Many people who were wronged by a primary caregiver or other significant person hold on to bitterness, resentment, anger, and other painful emotions for years or even decades. Letting go is easier said than done.
An idea that can be really helpful to make the conscious decision to move towards closure is that keeping these feelings alive is allowing the abuse to continue. On an unconscious level, feeling anger and bitterness seems like a way to fight back against what happened. You didn’t stand up for yourself then but you are now. In actuality though you are letting your present be destroyed as surely as your past was destroyed.
Whether you choose to hang on to these feelings or let go of them the choice is ultimately yours and both routes are a way to make sense of what happened. Some people come to realize how much more powerful it is to rise above and use the experience as a reminder to live a great life of productivity, love, and happiness. If you really want to get back at someone this is the way to do it, by making your life remarkable. But when people go the route of growth instead of bitterness a funny thing happens, which is that getting revenge ceases to feel important or even necessary. Having a happy, healthy life and wanting to get back at someone are really two incompatible states and the more you focus on the first the less you will even care about the second.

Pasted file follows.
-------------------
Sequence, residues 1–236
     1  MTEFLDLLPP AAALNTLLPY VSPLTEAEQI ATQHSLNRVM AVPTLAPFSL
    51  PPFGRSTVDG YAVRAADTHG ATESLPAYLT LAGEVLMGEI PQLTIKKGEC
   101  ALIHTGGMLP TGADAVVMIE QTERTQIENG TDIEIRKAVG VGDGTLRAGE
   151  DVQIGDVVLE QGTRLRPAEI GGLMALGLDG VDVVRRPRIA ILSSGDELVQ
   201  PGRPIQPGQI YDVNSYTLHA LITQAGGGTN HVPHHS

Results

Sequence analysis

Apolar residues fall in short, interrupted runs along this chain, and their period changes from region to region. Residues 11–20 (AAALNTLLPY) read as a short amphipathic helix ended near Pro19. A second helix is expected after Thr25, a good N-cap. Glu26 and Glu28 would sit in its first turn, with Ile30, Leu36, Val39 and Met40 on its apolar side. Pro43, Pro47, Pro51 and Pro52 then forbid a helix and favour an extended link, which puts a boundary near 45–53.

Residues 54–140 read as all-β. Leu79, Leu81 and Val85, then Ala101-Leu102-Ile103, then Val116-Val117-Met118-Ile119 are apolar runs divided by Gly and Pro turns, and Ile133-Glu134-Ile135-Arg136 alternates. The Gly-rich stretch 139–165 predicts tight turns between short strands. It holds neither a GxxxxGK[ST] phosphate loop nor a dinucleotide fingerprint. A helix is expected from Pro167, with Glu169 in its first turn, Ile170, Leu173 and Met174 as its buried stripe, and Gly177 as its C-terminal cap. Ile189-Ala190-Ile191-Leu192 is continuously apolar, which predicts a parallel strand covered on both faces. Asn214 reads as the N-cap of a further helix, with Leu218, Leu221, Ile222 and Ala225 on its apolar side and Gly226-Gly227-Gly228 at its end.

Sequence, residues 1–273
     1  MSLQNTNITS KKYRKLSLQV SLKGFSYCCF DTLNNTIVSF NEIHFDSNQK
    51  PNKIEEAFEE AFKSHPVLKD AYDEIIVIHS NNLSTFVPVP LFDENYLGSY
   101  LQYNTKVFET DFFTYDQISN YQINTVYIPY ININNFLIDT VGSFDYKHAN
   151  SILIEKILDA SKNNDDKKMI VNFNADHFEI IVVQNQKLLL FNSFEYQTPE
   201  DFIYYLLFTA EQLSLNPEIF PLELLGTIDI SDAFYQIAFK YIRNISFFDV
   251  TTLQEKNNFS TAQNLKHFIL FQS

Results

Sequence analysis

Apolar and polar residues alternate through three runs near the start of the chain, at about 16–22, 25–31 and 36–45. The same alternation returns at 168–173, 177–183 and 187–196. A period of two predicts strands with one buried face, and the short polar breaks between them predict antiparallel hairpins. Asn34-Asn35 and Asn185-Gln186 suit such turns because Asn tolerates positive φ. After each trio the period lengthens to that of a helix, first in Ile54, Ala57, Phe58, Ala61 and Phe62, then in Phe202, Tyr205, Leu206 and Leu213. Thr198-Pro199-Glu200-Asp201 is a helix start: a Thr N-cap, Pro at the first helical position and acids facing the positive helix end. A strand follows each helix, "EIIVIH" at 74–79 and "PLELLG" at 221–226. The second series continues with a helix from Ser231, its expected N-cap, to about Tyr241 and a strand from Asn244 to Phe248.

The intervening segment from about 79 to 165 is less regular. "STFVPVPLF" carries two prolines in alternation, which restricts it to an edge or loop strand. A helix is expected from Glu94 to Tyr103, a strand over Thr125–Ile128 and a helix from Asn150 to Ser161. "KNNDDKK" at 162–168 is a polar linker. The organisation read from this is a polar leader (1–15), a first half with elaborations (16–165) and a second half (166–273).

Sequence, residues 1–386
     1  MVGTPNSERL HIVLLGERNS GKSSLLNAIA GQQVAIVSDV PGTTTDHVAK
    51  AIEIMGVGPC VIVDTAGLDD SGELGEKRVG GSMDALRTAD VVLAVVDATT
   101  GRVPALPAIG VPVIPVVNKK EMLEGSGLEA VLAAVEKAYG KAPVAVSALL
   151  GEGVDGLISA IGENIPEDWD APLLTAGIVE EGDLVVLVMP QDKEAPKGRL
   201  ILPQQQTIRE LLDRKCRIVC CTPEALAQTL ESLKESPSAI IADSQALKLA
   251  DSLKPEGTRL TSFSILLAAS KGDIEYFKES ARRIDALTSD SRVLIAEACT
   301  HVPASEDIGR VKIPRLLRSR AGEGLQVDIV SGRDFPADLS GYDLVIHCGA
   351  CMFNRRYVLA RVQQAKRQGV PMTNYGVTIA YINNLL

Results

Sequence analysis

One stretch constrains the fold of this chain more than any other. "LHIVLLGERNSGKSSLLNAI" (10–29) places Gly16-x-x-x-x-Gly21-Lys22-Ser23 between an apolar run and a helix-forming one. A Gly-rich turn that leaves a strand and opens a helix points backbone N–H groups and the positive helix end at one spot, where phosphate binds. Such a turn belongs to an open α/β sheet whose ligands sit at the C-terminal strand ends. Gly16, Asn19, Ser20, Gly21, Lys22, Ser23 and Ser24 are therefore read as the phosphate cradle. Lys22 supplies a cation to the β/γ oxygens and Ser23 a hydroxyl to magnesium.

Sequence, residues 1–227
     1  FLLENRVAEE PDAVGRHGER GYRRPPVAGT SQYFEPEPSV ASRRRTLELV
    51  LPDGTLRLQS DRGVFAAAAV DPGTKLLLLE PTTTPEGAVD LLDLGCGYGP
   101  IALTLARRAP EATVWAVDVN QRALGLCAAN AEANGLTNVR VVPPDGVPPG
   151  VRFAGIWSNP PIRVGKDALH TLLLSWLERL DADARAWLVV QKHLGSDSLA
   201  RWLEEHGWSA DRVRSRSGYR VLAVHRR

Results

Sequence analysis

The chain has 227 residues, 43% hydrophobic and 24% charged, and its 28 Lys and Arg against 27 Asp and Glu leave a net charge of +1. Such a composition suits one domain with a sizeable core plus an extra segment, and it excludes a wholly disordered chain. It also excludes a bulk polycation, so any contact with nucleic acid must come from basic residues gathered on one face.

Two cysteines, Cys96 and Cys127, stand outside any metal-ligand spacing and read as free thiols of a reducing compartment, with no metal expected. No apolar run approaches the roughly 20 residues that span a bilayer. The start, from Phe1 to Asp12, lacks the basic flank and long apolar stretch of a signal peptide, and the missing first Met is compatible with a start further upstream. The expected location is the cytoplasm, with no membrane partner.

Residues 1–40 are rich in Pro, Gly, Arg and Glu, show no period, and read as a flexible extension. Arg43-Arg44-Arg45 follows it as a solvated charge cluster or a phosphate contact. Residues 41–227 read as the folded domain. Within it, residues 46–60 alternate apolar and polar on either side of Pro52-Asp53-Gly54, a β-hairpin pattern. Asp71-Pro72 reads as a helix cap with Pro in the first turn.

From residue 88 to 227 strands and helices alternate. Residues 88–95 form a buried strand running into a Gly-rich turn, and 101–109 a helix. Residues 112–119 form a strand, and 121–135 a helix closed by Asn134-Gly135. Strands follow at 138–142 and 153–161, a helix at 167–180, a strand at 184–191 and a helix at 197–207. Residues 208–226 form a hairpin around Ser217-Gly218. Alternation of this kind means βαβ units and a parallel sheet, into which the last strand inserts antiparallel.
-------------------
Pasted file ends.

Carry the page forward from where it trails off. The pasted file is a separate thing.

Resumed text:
We don’t want to diminish how difficult it is to let go of traumatic experiences but if you can take a step back and view what happened a bit more objectively you will invariably come to the conclusion that you are letting the person who wronged you continue to wrong you by holding on. The way to settle up the score and create meaning out of suffering is to make the conscious decision for growth and happiness.